It seems like a golden rule in strength training for muscle growth: do three sets per exercise. But why actually? Or is that number rather arbitrary?
1. There is no optimal number of sets per exercise during one training session. It is primarily determined by the way your training volume is structured: the number of sets per week, the training frequency and the number of different exercises per muscle group.
2. Keep in mind the Stimulus to Fatigue Ratio (SFR). This is often more favorable in the second or third consecutive set of an exercise than in the first. Then it decreases again. During a workout, therefore, preferably do 2-3 consecutive sets per exercise (instead of just one). Do a maximum of 5-7.
THE IMPORTANCE OF SETS
Why do we do multiple sets per muscle group at all? That’s because a muscle will only grow if, over a certain period of time (say, a week), it is stimulated by enough effective reps. Those are the heavy reps at the end of a set, right before the moment of muscle failure.
One set provides roughly five of those stimulating repetitions, provided you train that set for muscle failure (but not completely). However, that is not enough. In order to grow, you will really have to challenge your body a little more than that.
In very general terms, you can say that a natural bodybuilder should do 10 to 20 sets per week for each muscle group to create sufficient stimulus, based on sets in the range of 5 to 30 repetitions and with 1-3 RIR (Reps In Reserve: you train sets one to a maximum of three reps shy of muscle failure). Beginners can often suffice with 10 sets per week, while advanced users sometimes need more than 20 sets to achieve some muscle growth.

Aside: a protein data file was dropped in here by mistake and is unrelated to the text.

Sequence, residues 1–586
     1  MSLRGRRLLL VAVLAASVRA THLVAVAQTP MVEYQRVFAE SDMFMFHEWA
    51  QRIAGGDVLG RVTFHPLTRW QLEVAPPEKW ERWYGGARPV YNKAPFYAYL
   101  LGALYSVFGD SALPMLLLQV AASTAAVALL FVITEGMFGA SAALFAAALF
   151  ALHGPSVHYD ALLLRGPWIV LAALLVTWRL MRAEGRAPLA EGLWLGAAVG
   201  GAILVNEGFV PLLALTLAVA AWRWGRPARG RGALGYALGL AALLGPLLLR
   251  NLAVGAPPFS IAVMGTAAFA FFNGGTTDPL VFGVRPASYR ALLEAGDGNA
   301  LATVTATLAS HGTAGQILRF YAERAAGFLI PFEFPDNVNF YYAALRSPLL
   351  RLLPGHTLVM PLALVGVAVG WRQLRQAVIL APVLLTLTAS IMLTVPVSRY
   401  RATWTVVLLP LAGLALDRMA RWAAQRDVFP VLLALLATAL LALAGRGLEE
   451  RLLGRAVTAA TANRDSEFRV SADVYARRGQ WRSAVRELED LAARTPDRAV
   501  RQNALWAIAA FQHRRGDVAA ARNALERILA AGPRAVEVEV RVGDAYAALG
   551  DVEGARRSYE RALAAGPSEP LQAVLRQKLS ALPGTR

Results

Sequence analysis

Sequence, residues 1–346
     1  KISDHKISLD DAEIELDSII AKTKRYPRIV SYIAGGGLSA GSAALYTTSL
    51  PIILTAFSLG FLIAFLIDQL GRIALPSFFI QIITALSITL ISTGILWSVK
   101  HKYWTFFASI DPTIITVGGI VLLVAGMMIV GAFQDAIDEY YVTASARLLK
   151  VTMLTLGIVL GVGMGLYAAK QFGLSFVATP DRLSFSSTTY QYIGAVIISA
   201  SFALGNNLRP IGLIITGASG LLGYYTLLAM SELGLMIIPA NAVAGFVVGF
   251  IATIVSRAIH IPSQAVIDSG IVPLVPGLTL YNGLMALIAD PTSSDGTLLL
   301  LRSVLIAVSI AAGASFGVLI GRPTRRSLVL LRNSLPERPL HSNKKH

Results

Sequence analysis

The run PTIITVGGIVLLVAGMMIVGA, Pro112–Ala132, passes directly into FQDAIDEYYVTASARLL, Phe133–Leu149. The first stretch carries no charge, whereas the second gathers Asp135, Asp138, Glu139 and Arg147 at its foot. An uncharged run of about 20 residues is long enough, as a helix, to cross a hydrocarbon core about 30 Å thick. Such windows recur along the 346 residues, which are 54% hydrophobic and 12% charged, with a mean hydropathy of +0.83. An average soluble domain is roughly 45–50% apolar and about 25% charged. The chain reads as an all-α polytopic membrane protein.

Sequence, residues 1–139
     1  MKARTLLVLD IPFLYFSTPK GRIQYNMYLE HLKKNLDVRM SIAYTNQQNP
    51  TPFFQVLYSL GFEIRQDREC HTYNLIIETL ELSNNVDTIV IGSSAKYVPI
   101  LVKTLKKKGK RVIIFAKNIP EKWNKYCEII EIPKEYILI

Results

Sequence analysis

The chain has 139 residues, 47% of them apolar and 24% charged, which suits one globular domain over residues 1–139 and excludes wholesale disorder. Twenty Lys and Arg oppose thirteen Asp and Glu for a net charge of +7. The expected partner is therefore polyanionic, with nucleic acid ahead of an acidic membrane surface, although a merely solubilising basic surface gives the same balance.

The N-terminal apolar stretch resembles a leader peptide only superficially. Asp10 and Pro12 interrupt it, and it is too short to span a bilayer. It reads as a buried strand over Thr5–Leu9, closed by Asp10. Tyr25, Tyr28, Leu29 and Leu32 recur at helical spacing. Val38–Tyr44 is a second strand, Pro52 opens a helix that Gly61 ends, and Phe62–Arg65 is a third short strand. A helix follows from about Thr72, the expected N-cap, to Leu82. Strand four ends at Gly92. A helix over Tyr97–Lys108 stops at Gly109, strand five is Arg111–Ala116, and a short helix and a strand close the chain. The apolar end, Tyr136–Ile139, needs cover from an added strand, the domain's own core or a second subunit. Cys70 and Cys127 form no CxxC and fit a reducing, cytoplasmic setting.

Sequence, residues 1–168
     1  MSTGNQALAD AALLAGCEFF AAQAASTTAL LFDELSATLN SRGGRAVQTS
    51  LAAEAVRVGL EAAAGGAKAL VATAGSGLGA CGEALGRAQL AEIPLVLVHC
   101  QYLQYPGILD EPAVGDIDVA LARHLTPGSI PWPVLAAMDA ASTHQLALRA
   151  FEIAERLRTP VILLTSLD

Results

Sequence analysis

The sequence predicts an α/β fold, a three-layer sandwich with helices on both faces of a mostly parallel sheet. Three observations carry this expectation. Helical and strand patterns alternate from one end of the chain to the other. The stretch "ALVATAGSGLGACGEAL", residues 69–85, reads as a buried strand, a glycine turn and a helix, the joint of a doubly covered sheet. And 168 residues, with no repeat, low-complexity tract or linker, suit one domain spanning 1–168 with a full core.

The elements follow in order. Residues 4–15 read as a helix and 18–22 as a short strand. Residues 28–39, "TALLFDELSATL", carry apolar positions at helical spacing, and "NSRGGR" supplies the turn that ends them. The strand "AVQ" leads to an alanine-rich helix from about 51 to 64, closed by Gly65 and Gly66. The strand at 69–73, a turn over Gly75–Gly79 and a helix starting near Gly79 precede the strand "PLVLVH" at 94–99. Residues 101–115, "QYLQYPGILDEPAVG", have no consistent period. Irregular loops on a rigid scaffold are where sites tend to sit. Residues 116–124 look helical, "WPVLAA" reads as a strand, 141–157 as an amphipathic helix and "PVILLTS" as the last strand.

The number of sets is also referred to as the training volume. Warm-up sets are not included in this.
For optimal muscle growth, you need an average of 10 to 20 sets per muscle group per week.
HOW MANY SETS PER WORKOUT?
In natural bodybuilders, muscle growth potential and recovery capacity are limited. As a result, you can only do a limited amount of productive and recoverable volume per workout.
In addition, the stimulus for a certain muscle group during a training is not linear: it already decreases after one set. By around five sets, you may have already achieved most of the potential muscle gains for a muscle group. The growth stimulus stagnates around ten sets.
Yet there are arguments why you should not suffice with one set per muscle group per training.
That is why the following applies: do 5-10 sets per muscle group per training. 10-12 sets is the absolute upper limit: doing even more sets will not result in extra muscle growth and may even be counterproductive. If you need more sets, spread them out over at least two weekly workouts.
Do 5-10 sets per muscle group and a maximum of 10-12 sets per workout. If you need more sets, spread them out over at least two weekly workouts.
HOW MANY EXERCISES PER MUSCLE GROUP?
Okay, now we know what the training load should be on a weekly and session basis. But how many exercises should you divide those sets over?
This differs per muscle group, but in general the following applies:
- To fully develop a muscle group, you usually need several exercises. For example, a horizontal and a vertical pull for the back, or a flat and an incline bench press for the chest.
- In addition to compound exercises, it is best to also do some insulating exercises, because they require less recovery capacity and spare other muscle groups. That is why it is better to do some leg extensions for your quadriceps instead of just barbell squats.
- If you only do one exercise for a muscle group, you may have to do many sets of it during a session, which from a certain point comes at the expense of the quality of the sets (among other things due to increasing fatigue and a decrease in the mind-muscle connection).